Researchers at the Reflective Practice Center have published a new report, “What Does Reflective Supervision/Consultation Look Like in Practice: Examining Variation in Implementation,” based on findings from a nationwide landscape survey. They conducted the survey in partnership with the Alliance for the Advancement of Infant Mental Health in 2018. They wanted to find out how reflective supervision is being implemented in different workplaces and what recipients of reflective supervision think of it. Read their earlier report on training for reflective supervisors.
Reflective supervision, also known as reflective supervision/consultation (RSC), is a type of relationship-based professional development. The practice originated in the field of infant and early childhood mental health and has been adopted by related fields because of its ability to help reduce burnout and increase effectiveness among people in helping professions, such as social workers, educators, and health care workers.
The researchers set out to learn how reflective supervision is being implemented in the field. For example, the researchers wanted to find out whether individual or group reflective supervision was more common. The most common format, reported by 49% of respondents, was a combination of the two. Forty percent (40%) said they had group meetings only, and 10% said they had individual meetings only.
The researchers also wondered if people in the field were receiving the minimum recommended “dose” of reflective supervision: an hour every month. A minority of survey respondents (21% of participants in individual RSC and just 7% of group participants) reported receiving reflective supervision less than one hour per month.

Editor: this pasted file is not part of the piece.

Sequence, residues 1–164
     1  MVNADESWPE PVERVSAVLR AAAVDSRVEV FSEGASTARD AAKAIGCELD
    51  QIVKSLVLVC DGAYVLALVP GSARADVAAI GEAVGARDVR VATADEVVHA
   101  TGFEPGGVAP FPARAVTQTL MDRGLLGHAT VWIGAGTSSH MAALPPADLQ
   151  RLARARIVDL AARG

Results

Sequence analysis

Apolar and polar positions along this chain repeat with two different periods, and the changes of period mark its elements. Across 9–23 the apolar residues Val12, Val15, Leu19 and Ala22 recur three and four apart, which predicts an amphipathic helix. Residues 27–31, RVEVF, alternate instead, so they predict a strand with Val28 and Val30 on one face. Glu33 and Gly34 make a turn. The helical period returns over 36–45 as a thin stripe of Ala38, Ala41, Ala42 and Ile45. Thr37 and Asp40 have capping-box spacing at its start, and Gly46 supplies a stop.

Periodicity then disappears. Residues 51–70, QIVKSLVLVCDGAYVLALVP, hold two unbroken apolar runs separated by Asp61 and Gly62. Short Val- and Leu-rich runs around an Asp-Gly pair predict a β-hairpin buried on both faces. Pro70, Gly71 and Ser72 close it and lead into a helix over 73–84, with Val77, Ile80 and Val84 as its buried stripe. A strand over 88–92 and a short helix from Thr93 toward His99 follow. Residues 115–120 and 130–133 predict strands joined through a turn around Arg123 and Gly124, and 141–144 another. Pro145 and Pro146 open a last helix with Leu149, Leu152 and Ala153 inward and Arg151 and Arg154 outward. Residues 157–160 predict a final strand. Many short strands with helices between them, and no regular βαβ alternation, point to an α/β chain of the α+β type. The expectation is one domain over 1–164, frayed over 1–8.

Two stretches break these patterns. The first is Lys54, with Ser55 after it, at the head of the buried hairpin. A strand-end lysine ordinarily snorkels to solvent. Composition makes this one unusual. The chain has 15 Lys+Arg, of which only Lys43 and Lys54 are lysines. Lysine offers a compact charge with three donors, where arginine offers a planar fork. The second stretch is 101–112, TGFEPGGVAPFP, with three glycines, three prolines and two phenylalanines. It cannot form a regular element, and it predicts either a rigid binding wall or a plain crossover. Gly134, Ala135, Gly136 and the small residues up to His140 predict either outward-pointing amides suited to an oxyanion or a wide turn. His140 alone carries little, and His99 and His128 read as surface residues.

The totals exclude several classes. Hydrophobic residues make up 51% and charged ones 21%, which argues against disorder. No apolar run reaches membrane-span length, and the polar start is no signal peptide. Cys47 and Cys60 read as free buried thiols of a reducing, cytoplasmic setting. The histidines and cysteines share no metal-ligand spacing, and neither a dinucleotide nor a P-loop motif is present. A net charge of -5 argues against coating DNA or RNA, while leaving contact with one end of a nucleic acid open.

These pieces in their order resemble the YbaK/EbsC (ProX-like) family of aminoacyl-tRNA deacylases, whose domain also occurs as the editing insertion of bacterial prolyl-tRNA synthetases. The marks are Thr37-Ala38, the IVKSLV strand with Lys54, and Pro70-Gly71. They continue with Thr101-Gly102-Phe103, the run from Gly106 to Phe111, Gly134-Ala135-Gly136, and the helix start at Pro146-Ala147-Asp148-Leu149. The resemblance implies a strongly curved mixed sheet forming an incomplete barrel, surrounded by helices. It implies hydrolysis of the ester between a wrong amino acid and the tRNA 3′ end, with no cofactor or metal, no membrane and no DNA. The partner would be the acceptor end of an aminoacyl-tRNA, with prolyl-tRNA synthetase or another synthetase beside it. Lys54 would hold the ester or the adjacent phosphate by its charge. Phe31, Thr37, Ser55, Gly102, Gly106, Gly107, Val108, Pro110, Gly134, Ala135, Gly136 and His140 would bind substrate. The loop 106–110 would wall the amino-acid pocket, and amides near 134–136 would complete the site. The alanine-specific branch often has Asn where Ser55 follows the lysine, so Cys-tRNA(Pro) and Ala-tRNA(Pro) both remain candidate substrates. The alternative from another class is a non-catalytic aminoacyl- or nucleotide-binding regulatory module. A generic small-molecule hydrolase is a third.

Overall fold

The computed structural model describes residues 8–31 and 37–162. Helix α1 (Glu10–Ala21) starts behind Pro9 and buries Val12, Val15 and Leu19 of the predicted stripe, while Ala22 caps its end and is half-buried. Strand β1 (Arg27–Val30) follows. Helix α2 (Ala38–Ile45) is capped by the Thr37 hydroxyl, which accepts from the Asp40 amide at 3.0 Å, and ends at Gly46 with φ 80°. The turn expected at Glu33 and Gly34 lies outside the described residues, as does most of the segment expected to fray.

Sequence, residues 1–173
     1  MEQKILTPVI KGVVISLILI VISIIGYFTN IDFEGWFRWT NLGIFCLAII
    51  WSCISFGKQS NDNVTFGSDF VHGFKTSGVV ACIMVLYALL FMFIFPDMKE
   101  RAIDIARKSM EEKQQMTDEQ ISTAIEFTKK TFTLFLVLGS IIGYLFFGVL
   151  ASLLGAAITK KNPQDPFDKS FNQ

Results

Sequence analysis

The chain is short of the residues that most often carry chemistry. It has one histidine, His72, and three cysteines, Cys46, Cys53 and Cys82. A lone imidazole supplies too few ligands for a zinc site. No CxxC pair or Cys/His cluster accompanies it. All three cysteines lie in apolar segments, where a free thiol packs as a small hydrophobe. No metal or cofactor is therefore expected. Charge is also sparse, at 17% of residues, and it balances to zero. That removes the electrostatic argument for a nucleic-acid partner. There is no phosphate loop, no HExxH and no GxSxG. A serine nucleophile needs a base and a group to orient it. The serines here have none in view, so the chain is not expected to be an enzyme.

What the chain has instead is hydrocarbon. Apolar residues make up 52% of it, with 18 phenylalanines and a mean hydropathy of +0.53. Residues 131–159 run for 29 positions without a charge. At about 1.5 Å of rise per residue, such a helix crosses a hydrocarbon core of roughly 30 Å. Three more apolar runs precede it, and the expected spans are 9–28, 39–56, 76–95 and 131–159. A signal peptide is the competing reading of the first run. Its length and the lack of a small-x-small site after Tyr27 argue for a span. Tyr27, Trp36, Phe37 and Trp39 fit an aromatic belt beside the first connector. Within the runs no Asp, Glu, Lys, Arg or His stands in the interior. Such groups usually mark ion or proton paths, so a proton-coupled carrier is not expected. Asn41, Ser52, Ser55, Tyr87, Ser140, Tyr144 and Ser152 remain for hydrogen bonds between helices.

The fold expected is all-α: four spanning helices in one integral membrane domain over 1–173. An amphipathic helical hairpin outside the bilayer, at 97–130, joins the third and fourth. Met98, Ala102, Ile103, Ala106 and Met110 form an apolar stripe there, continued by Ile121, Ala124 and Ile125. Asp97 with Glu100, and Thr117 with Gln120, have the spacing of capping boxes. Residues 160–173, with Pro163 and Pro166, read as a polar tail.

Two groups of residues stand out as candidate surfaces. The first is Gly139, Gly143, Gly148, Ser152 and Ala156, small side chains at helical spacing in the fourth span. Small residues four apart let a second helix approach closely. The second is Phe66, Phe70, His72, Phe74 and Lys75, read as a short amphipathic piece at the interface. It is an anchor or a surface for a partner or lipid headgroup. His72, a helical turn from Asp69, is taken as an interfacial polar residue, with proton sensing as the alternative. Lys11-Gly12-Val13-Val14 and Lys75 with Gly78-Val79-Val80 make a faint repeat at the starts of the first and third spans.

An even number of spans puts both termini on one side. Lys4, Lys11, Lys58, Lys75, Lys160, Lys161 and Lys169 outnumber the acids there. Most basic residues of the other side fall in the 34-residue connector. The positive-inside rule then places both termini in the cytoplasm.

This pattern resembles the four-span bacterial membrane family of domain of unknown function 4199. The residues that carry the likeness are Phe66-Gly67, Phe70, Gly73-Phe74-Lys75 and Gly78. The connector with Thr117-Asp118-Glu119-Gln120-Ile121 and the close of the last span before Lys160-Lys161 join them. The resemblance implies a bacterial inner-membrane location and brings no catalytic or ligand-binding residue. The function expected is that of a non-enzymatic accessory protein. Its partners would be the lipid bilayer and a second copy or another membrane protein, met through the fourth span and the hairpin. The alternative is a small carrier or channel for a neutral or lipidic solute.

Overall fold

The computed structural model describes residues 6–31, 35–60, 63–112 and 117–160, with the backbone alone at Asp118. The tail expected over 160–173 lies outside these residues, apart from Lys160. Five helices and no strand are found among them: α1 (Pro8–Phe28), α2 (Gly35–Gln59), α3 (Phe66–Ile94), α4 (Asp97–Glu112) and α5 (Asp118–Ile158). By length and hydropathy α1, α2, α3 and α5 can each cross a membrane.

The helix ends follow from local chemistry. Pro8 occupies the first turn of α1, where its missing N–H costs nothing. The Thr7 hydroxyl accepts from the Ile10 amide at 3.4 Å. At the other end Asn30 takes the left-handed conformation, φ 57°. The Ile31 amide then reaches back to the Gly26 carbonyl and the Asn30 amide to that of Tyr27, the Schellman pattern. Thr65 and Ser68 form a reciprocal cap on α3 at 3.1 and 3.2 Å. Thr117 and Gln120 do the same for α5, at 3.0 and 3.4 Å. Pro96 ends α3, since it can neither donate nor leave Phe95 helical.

|Frequency of RSC||Individual||Group|
|Less than monthly||20.5%||6.7%|
|Length of RSC|
|Less than one hour||10.3%||3.3%|
|One and a half hours||23.1%||41.7%|
The survey also yielded evidence that recipients of reflective supervision found it to be valuable. One common theme that emerged from respondents’ written comments was a sense that reflective supervision helped them process emotions that arose in their work.
“I find myself really valuing reflective supervision to process all the trauma, triggers, and other challenging aspects of the job,” reported one respondent. Another wrote, “Without it, I would have to find easier work.”
Others mentioned that they gained a better sense of how their work mattered, including getting “affirmation of my value.” And many respondents mentioned that reflective supervision, whether in groups or one-on-one, was a helpful way to get new ideas to try out with their client families. Some stated that reflective supervision made them more effective in their work with families and even helped them in their relationships with coworkers.
Because the sample size was limited (n = 67), lead researcher Alyssa Meuwissen, PhD, cautions that this paper should not be read as a definitive statement about the implementation and reception of reflective practice nationwide. Rather, it is an important first step in outlining possible avenues of inquiry for future studies, such as:
- How variation in frequency affects the efficacy of reflective supervision
- How group and individual reflective supervision differ
- How common online reflective supervision is and whether it is equally effective
“This preliminary study helped us get a sense of who is getting reflective supervision and what they think of it,” says Meuwissen. “It also taught us a lot about the gaps that remain in our knowledge. We can use the information from this survey to start to fill in those gaps with future studies.”